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Boardwalk bound

With its development plans on the Strip well in hand, MGM Mirage focused attention Wednesday on Atlantic City.

The Las Vegas-based casino developer and operator announced plans for MGM Grand Atlantic City, a $4.5 billion to $5 billion resort development that would be the New Jersey gaming community’s largest hotel-casino complex.

MGM Mirage President and Chief Operating Officer Jim Murren didn’t dissuade comparisons to the company’s $7.4 billion CityCenter project on the Strip, but stopped short of giving the development the CityCenter moniker.

"There is a lot of commonality in the development, such as cutting-edge design and architecture," Murren said. "We’re using some of the same designers and architects that we’re using at CityCenter."

The Atlantic City project initially calls for more than 3,000 hotel rooms and suites in three separate hotel towers, each with a different design and hotel theme. The hotels would share access to a casino that the company said would be the largest in Atlantic City with room for 5,000 slot machines and 200 table games. A 1,500-seat theater, restaurants, nightclubs and entertainment options, a spa, 500,000 square feet of retail and convention space are part of the initial design.

MGM Grand Atlantic City is planned for a 72-acre site in an area known as Renaissance Pointe, adjacent to the Borgata, which MGM Mirage owns in a 50-50 partnership with Boyd Gaming Corp.

The proposed resort still needs approval from New Jersey authorities who oversee development along the Atlantic Coast. MGM Mirage plans to file its Coastal Area Facility Review Act approval request by the end of the year or early next year. Ground breaking is expected sometime next year with an anticipated opening in 2012.

Gaming analysts immediately welcomed an MGM Grand-themed resort to the Atlantic City landscape.

"The announcement is consistent with our view that MGM is a catalyst story in the near term with an implied mandate from its largest shareholder (Los Angeles billionaire Kirk Kerkorian) to create value with its large land bank in Atlantic City and Las Vegas," CIBC World Markets gaming analyst David Katz said in a note to investors. "We expect further positive catalysts ahead and remain positive on MGM despite the recent run-up (in the company’s stock price)."

Approximately 60 acres of the site will be used for construction of MGM Grand Atlantic City. Another 12 acres are reserved for future development, which may include residences. MGM Mirage also owns an additional 14-acre site in the Marina District.

CityCenter, which includes a 4,000-room hotel-casino as its centerpiece, along with boutique hotels, residences, shops and entertainment venues, is focused on a 2009 opening. Murren said the company was able to plan out its Atlantic City project on land the company acquired in 2000 when it bought Mirage Resorts for $6.4 billion.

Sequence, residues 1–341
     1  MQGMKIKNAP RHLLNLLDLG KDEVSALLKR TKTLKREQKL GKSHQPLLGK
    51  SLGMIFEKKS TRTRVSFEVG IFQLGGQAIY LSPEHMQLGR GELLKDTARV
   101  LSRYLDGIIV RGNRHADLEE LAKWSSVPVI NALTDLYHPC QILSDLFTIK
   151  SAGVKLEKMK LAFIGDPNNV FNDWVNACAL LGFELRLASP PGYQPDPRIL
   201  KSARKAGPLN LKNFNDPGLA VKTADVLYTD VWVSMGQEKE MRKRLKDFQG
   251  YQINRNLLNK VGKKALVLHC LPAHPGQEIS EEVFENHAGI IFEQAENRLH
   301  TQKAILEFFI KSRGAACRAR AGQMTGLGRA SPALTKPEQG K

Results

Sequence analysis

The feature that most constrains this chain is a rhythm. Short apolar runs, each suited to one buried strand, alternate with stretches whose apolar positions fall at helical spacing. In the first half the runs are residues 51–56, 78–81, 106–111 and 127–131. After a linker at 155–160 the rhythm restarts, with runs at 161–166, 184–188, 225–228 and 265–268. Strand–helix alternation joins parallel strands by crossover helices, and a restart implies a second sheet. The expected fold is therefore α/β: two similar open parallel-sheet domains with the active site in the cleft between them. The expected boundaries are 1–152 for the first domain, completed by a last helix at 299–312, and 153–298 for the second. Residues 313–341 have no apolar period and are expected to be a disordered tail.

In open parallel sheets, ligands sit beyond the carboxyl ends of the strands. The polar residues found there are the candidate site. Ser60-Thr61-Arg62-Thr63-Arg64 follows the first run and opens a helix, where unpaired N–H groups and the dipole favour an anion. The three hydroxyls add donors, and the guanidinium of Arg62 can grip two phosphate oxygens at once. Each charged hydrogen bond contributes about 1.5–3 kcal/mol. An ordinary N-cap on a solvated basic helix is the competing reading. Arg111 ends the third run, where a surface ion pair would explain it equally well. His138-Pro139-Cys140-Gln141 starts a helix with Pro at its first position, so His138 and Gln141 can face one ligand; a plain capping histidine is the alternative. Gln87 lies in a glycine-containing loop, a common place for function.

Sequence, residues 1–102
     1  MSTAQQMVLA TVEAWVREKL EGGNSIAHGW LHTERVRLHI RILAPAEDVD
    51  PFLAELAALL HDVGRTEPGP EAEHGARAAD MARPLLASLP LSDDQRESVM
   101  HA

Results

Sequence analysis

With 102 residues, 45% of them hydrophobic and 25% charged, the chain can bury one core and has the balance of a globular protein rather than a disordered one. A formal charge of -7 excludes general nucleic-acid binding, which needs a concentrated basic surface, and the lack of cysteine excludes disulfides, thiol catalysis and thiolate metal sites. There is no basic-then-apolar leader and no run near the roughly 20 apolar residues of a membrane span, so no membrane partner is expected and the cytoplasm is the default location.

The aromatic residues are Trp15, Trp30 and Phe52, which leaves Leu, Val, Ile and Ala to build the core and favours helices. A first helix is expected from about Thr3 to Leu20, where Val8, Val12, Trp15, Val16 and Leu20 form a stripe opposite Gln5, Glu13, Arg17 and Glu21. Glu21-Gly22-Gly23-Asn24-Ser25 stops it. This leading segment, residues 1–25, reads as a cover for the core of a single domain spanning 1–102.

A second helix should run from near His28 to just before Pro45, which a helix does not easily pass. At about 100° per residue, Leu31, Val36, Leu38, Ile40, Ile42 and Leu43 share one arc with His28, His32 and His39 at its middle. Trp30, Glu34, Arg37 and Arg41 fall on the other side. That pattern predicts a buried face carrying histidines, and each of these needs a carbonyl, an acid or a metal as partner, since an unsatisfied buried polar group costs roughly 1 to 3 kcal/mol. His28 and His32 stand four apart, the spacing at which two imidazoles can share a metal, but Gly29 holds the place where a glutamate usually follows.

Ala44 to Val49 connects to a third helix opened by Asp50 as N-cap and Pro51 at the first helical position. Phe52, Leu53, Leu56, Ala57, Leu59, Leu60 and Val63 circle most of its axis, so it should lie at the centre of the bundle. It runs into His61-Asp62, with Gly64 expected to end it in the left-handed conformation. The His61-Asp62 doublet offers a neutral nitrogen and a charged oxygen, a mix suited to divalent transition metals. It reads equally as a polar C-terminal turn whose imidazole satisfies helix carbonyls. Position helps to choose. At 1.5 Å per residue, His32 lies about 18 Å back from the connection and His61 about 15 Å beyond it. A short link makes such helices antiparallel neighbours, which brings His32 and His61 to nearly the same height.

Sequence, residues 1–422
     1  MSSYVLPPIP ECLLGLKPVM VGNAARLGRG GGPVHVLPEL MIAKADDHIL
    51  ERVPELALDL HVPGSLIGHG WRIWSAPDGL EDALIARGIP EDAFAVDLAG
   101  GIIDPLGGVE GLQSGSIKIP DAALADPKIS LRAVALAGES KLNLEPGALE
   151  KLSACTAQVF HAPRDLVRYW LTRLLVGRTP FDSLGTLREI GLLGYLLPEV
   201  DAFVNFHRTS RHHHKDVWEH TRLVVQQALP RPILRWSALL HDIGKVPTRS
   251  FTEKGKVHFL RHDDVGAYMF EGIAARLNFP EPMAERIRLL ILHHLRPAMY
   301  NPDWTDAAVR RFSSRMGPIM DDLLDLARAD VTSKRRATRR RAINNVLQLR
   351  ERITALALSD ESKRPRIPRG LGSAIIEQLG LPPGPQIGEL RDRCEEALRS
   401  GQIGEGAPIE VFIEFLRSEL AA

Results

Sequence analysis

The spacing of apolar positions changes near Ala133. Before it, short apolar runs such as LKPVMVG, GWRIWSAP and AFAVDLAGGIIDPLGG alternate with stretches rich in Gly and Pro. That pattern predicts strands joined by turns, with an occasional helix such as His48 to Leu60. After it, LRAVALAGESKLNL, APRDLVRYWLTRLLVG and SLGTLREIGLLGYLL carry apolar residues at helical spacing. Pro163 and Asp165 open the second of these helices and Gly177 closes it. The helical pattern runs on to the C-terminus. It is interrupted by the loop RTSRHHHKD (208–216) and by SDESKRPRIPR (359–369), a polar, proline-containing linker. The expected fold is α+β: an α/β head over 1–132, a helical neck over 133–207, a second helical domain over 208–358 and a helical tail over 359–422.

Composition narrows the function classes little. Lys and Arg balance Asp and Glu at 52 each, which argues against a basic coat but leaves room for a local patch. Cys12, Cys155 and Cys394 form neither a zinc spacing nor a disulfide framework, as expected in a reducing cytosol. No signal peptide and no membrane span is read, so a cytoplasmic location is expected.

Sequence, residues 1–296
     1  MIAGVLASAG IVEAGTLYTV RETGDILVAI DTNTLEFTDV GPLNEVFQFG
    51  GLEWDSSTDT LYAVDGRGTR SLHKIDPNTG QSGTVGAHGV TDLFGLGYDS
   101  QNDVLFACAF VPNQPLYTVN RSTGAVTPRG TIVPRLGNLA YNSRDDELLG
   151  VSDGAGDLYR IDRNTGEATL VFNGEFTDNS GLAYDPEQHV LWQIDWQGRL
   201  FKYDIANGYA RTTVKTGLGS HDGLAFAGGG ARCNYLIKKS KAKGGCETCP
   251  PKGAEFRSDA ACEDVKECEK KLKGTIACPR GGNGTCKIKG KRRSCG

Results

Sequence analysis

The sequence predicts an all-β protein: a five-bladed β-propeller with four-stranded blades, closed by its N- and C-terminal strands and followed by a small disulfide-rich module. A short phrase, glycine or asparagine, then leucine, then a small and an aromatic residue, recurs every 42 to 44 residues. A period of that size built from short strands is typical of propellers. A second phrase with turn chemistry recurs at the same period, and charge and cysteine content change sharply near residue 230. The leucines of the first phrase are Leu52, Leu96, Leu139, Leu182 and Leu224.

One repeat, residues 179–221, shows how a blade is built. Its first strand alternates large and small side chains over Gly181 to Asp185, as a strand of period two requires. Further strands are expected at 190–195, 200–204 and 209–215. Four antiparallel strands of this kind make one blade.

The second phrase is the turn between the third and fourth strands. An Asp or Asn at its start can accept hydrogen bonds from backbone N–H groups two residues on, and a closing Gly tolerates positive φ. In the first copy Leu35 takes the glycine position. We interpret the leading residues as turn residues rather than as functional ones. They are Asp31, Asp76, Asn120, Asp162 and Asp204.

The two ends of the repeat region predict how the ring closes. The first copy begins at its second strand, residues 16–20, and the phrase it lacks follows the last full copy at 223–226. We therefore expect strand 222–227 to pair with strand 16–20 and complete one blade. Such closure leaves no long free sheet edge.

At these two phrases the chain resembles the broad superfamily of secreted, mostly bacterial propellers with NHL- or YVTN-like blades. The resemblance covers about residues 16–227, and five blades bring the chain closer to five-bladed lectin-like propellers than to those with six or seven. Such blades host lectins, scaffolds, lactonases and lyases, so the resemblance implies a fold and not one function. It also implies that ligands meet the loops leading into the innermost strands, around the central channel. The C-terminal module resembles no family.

Also, the company announced plans this year for other projects along the Strip, including a remodeling and expansion of Circus Circus and a joint venture with Kerzner Holdings to develop 40 acres on the corner of the Strip and Sahara Avenue into a hotel-casino that would anchor development on the Strip’s north end.

"With CityCenter, we can see the light at the end of the tunnel," Murren said. "We know the cost and scope of the project and that has allowed us to give attention to Atlantic City."

Murren said the company isn’t entering the market blind. Atlantic City is facing challenges from slot machine casinos in Pennsylvania and gaming development in New York, Delaware and other states.

"We believe the type of development will be a very compelling project in this market," Murren said.

Deutsche Bank gaming analyst Bill Lerner said the project would also help the market fend off regional competition.

"The addition of new, high-quality gaming and entertainment offerings could only serve to increase and diversify visitation to the city," Lerner said in a note to investors.

MGM Mirage owns the land underneath Borgata, considered the Atlantic City leader market in gaming revenues. Boyd Gaming operates the 2,000-room hotel-casino and shares in the profits with MGM Mirage. Borgata was expanded a year ago to give the property more casino space and several nongaming attractions, such as restaurants. A new 800-room hotel tower is expected to open next summer bringing Boyd Gaming’s total investment at the site to $1.7 billion.

Boyd Gaming spokesman Rob Stillwell said the MGM Mirage project and Borgata would be attached by a "seamless connection," making the two resorts "the most compelling resort destination in Atlantic City." He said Boyd had always expected MGM Mirage to develop its Atlantic City land holdings.

"It was always part of the plan from the beginning," Stillwell said. "The announcement means the future is bright for Atlantic City."

MGM Mirage Chairman Terry Lanni said the project could open a new market for East Coast customers.

"Our company has carefully considered the possibilities for our landholdings in Atlantic City," Lanni said. "We believe the success at Borgata demonstrates the eagerness for further evolution of the nation’s second-largest gaming market."

In addition to the Borgata expansion, Pinnacle Entertainment is planning a hotel-casino project on the site of the now-closed Sands, which will be imploded next week. Another site along the Boardwalk has also been targeted for future expansion.

Contact reporter Howard Stutz at hstutz@reviewjournal.com or (702) 477-3871.

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